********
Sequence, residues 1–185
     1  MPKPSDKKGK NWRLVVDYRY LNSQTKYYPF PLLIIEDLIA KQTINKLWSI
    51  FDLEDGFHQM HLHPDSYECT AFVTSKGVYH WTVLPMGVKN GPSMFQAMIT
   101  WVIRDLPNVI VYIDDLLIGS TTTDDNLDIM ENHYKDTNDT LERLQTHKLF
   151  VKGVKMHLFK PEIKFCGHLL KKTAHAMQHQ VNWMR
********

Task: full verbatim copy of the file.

Sequence, residues 1–185
     1  MPKPSDKKGK NWRLVVDYRY LNSQTKYYPF PLLIIEDLIA KQTINKLWSI
    51  FDLEDGFHQM HLHPDSYECT AFVTSKGVYH WTVLPMGVKN GPSMFQAMIT
   101  WVIRDLPNVI VYIDDLLIGS TTTDDNLDIM ENHYKDTNDT LERLQTHKLF
   151  VKGVKMHLFK PEIKFCGHLL KKTAHAMQHQ VNWMR